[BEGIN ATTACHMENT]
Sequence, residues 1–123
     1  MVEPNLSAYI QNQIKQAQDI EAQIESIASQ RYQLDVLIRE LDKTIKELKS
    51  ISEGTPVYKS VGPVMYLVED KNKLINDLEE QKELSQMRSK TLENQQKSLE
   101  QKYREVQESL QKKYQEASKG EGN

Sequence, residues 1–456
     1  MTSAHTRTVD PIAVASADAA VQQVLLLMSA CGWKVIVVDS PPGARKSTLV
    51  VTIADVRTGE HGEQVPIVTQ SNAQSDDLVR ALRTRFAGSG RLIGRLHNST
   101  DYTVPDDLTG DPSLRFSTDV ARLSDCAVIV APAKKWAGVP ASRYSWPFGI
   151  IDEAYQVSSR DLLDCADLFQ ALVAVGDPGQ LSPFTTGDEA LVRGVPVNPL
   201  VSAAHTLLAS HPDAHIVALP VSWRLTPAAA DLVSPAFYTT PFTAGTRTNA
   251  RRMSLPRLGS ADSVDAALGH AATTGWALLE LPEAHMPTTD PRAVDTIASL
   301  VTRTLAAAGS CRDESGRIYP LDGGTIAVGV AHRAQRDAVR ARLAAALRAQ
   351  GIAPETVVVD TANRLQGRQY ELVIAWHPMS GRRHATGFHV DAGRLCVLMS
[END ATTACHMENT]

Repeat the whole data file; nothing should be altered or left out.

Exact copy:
Sequence, residues 1–123
     1  MVEPNLSAYI QNQIKQAQDI EAQIESIASQ RYQLDVLIRE LDKTIKELKS
    51  ISEGTPVYKS VGPVMYLVED KNKLINDLEE QKELSQMRSK TLENQQKSLE
   101  QKYREVQESL QKKYQEASKG EGN

Sequence, residues 1–456
     1  MTSAHTRTVD PIAVASADAA VQQVLLLMSA CGWKVIVVDS PPGARKSTLV
    51  VTIADVRTGE HGEQVPIVTQ SNAQSDDLVR ALRTRFAGSG RLIGRLHNST
   101  DYTVPDDLTG DPSLRFSTDV ARLSDCAVIV APAKKWAGVP ASRYSWPFGI
   151  IDEAYQVSSR DLLDCADLFQ ALVAVGDPGQ LSPFTTGDEA LVRGVPVNPL
   201  VSAAHTLLAS HPDAHIVALP VSWRLTPAAA DLVSPAFYTT PFTAGTRTNA
   251  RRMSLPRLGS ADSVDAALGH AATTGWALLE LPEAHMPTTD PRAVDTIASL
   301  VTRTLAAAGS CRDESGRIYP LDGGTIAVGV AHRAQRDAVR ARLAAALRAQ
   351  GIAPETVVVD TANRLQGRQY ELVIAWHPMS GRRHATGFHV DAGRLCVLMS